Many experts said the WHO should embrace what some called a “precautionary principle” and others called “needs and values” the idea that even without definitive evidence, the agency should assume the worst of the virus, apply common sense and recommend the best protection possible.
“There is no incontrovertible proof that Sars-CoV-2 travels or is transmitted significantly by aerosols, but there is absolutely no evidence that it’s not,” said Dr Trish Greenhalgh, a primary care doctor at the University of Oxford in Britain.
“So at the moment we have to make a decision in the face of uncertainty, and my goodness, it’s going to be a disastrous decision if we get it wrong,” she said. “So why not just mask up for a few weeks, just in case?”
After all, the WHO seems willing to accept without much evidence the idea that the virus may be transmitted from surfaces, she and other researchers noted, even as other health agencies have stepped back from emphasising this route.
“I agree that fomite transmission is not directly demonstrated for this virus,” Dr Allegranzi, the WHO’s technical lead on infection control, said, referring to objects that may be infectious. “But it is well known that other coronaviruses and respiratory viruses are transmitted, and demonstrated to be transmitted, by contact with fomite.”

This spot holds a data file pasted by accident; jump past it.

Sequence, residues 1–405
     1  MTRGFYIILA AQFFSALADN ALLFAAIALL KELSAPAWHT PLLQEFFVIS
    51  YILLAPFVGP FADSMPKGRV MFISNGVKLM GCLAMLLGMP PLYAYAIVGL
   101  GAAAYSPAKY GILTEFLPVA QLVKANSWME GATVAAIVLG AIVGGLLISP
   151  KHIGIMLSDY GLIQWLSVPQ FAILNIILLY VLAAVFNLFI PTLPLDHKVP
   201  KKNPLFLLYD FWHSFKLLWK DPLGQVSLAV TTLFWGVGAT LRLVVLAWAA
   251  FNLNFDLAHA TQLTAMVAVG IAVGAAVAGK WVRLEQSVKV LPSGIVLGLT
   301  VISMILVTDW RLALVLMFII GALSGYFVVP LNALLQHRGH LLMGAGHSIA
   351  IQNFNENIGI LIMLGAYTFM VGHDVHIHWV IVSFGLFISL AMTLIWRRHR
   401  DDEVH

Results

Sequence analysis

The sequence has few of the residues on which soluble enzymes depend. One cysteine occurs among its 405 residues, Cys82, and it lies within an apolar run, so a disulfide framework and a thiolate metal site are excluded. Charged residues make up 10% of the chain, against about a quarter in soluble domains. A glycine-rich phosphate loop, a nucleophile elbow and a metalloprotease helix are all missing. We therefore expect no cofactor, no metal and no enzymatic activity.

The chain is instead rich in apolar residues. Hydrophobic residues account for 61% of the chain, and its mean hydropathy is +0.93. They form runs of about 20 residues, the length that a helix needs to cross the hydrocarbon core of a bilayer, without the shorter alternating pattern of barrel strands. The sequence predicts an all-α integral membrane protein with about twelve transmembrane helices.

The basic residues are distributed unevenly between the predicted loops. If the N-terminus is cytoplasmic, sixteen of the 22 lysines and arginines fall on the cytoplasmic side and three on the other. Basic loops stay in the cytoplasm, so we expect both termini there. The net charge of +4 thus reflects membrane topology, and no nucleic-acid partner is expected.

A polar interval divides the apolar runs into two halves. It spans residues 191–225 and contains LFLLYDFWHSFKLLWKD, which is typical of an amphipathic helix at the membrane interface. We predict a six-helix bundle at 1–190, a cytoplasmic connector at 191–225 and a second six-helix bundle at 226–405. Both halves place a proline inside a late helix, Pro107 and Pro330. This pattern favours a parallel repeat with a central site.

The agency also must consider the needs of all its member nations, including those with limited resources, and make sure its recommendations are tempered by “availability, feasibility, compliance, resource implications”, she said.
Aerosols may play some limited role in spreading the virus, said Dr Paul Hunter, a member of the infection prevention committee and professor of medicine at the University of East Anglia in Britain.
But if the WHO were to push for rigorous control measures in the absence of proof, hospitals in low- and middle-income countries may be forced to divert scarce resources from other crucial programmes.
“That’s the balance that an organisation like the WHO has to achieve,” he said. “It’s the easiest thing in the world to say, ‘We’ve got to follow the precautionary principle’ and ignore the opportunity costs of that.”
In interviews, other scientists criticised this view as paternalistic. “‘We’re not going to say what we really think, because we think you can’t deal with it?’ I don’t think that’s right,” said Dr Don Milton, an aerosol expert at the University of Maryland.
Even cloth masks, if worn by everyone, can significantly reduce transmission, and the WHO should say so clearly, he added.